I’ve lived and worked in Venice for more than 30 years. In 1999 I began curating shows at the Querini Stampalia Foundation, which, starting in 2001, gradually became an integral part of the Foundation’s contemporary art programme, entitled “Conservare il futuro” (“Conserve the future”).
Curating art is my way of participating in the creation process, each time hoping to offer the artist the conditions and stimuli for conceiving a new work. I am also convinced that the incredible richness of Italian art can become a source of inspiration for a contemporary artist who draws the present with a clear view of the past.
Bologna has always played an important role in my career as a curator. In addition to the customary events at the Fair, Bologna was the birthplace of the Furla Prize, and so for fifteen years I came here regularly to talk with Giovanna Furlanetto. And I always go to the Church of Santa Maria della Vita to see Nicolò dell’Arca’s seven terracotta sculptures of the Lamentation over the Dead Christ. The visual power of the Magdalene’s cry astonishes me every time. And what can I say about Giorgio Morandi’s silent lecture? It’s always with me: he’s become almost a pilgrimage, always a new experience, an infinity of details, shadings, rhythms, balances. I still remember my extraordinary conversation with Spalletti … and Ghirri’s teachings? The Querini Foundation has dedicated a Fund to this artist and his landscape, and, thanks to Roberto Lombardi’s generous donation, we have created an itinerary of research and visual interaction between his works and contemporary languages. We began with Yona Friedman, followed by Paolo Icaro; our next guests will be Giuseppe Caccavale and Andrea Zanzotto.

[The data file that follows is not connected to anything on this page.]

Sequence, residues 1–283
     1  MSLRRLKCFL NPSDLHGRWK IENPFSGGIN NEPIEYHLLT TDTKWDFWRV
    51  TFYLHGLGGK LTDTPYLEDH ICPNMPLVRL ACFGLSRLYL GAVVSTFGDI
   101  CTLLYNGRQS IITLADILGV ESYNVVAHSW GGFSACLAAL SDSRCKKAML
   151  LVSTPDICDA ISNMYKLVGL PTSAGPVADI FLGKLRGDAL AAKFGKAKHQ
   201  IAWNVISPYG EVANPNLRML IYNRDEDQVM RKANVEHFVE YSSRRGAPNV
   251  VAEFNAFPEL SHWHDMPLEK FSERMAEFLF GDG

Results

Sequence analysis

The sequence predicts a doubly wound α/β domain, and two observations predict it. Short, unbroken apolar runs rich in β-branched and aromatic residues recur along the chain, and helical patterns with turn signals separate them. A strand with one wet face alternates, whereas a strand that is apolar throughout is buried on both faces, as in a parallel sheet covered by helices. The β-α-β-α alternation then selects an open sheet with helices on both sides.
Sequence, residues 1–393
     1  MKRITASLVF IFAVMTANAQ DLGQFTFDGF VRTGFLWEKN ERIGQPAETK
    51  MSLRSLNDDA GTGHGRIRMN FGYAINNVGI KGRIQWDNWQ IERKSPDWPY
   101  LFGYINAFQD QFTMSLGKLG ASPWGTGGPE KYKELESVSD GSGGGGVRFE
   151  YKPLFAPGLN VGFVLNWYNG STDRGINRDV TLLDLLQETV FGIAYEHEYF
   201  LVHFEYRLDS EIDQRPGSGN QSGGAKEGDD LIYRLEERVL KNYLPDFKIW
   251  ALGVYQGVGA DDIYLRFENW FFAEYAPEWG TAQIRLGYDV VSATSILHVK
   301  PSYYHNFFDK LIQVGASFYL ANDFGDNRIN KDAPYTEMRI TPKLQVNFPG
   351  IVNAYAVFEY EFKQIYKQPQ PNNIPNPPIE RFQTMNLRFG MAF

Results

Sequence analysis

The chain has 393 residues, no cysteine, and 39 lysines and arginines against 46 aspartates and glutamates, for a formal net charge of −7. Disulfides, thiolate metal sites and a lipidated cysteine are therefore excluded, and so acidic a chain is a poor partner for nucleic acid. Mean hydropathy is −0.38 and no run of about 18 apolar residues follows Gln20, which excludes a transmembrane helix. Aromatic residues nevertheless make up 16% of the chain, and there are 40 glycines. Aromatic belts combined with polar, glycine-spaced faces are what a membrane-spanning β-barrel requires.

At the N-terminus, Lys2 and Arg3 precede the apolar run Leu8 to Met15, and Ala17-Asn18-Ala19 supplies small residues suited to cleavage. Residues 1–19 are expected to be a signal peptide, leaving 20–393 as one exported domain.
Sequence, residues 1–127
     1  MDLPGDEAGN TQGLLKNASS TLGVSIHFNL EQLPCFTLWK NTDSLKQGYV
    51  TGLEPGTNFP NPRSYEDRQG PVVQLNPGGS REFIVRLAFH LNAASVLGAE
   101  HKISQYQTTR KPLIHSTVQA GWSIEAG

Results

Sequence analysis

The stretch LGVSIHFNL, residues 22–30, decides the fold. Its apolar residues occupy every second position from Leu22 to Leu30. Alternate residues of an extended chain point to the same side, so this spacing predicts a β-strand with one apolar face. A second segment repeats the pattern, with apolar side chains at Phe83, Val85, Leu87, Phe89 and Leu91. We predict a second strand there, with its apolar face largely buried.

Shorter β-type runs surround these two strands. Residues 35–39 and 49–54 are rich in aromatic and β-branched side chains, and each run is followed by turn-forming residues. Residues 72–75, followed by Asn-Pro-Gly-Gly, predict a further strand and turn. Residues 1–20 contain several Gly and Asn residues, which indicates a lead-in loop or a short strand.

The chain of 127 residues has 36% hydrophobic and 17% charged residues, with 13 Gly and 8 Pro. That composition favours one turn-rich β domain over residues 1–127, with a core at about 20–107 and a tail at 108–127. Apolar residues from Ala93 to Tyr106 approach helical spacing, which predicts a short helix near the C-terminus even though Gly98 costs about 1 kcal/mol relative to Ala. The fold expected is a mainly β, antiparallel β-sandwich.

The latest edition of the Fair was full of surprises: the quality of the shows in the Art City programme and the professionalism of the curators really gave me a lot of energy. There was Davide Ferri’s eloquent visit to the exhibit Le realtà ordinarie curated at Palazzo dè Toschi (12 painters: Helene Appel, Riccardo Baruzzi, Luca Bertolo, Andrew Grassie, Clive Hodgson, Maria Morganti, Carol Rhodes, Salvo, Michele Tocca, Patricia Treib, Phoebe Unwin, Rezi van Lankveld), as well as Sissi’s installation Vestimenti, set up in the underground spaces of Palazzo Bentivoglio and curated by Antonio Grulli, who restored the work’s vitality (which the Furla jury had acknowledged by awarding her the prize in 2002). But as a curator, the exhibit that surprised me the most was without a doubt Filigrana at Palazzo Vizzani, with Stefano Arienti, Pierpaolo Campanini and Maurizio Mercuri, curated by Fulvio Chimento. Because it’s not easy to keep contemporary works from immediately becoming knick-knacks or wall decorations when placed in an old space. I had based my entire project at the Querini Stampalia Foundation on the border between past and present, and I’m well aware that the relationship between old and new is complex and full of traps: it’s hard to find that point of balance between times and works. But at Filigrana I found it constantly: in the spaces, full of marks and charm, and the almost invisible works of the present, powerful because creating tension with the space.
For everyone – curators, artists, public - crossing that border always provides an opportunity to glimpse a wider horizon, to generate relational and creative possibilities of immense richness. Things continue to matter if we know what questions to ask, and they speak not only of the past, of memories, but also of the present and future.